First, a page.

An article at Mockingbird that reflects on the point that Jesus’ resurrection has a far more profound impact than someone simply coming back from the dead:
Reading the resurrection stories in the gospels, there are plenty of themes that the four authors want to emphasize. One among them is that the resurrection was a bodily resurrection—scars were preserved, fish was digested, hands were placed in wounds. Another is that the resurrection was an embarrassment to worldly powers, with heavy stones moved, Roman soldiers terrified, and religious authorities spreading cover-up propaganda. Equally as important to the story, however, is that The Resurrection is an act of divine love to the undeserved. Jesus appears to weeping women, terrified men, doubters, runaways, people who don’t know their bibles, and disciples who quit the business and went back to their day jobs. It’s almost as if a qualification for meeting with the resurrected Jesus is being a really bad disciple of Jesus.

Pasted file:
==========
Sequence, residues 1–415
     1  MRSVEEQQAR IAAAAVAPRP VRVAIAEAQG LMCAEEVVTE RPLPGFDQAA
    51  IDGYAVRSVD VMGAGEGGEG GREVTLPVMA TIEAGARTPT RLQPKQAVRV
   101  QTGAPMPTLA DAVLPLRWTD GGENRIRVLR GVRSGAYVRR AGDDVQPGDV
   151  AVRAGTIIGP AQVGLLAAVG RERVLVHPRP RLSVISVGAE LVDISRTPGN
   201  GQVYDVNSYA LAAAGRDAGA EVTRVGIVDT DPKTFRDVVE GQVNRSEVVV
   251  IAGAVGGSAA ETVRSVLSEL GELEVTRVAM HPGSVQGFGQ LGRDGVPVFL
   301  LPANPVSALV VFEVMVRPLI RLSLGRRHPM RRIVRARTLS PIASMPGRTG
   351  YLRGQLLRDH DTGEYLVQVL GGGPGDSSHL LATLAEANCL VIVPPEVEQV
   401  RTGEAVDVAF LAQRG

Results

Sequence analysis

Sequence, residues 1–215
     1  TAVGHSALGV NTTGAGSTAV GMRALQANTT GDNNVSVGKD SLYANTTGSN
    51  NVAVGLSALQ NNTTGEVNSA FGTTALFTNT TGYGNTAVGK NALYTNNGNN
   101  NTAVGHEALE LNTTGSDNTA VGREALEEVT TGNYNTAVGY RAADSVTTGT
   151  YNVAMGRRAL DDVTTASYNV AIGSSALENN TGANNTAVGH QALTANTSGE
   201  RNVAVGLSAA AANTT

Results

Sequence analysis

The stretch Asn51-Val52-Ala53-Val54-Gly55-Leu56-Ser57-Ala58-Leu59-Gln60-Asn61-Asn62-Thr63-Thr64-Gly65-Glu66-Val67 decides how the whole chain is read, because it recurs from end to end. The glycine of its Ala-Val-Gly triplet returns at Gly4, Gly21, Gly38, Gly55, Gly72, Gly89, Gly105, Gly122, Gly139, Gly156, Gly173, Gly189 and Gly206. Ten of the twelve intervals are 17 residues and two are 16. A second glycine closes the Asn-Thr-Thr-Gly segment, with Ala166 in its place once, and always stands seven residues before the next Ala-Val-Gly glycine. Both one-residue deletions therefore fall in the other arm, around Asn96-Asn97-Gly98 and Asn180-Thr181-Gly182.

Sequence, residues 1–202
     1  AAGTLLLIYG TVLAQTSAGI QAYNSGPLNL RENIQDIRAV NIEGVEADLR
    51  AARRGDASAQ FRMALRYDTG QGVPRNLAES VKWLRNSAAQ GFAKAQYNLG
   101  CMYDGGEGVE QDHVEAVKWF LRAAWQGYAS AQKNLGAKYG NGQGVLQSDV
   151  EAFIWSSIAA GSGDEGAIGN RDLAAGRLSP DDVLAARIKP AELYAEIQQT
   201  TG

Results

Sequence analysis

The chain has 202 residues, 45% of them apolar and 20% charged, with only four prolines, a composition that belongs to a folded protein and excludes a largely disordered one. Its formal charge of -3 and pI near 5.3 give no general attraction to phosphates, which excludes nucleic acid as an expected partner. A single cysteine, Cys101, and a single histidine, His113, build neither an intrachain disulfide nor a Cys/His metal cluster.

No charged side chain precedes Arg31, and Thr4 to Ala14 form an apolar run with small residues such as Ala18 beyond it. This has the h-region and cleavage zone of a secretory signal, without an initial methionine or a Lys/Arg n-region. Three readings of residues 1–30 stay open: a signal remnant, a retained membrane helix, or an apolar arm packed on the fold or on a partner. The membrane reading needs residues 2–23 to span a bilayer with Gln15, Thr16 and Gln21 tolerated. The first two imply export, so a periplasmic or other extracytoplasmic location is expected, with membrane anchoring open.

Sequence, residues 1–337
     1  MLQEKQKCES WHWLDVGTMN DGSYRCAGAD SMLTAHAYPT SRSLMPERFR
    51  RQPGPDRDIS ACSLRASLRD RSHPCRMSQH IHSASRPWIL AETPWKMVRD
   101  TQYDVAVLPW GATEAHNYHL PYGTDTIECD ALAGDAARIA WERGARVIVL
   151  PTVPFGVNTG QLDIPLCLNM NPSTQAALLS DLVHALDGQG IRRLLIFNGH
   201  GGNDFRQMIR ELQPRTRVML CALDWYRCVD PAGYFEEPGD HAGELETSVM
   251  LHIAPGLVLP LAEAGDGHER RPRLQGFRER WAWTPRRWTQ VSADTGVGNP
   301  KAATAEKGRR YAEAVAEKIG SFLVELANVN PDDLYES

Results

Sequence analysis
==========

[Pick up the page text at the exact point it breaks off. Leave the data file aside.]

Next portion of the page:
Which is to say, The Resurrection isn’t just that someone rose from the dead. The reanimation of Lazarus didn’t inspire a women’s rights movement, nor did the resuscitation of the Rabbi’s daughter inspire a generation of self-emptying plague doctors. The good news is that the one who rose from the dead is, specifically and uniquely, Jesus of Nazareth, friend of sinners, love incarnate, son of God, and full of grace. It’s this particular Jesus that caused the disciples to reconsider time and space and Sabbath, and also, love and forgiveness and the entire nature of the divine. Replace this Jesus with anyone else, and the whole movement falls flat.
Read the whole post at Mockingbird.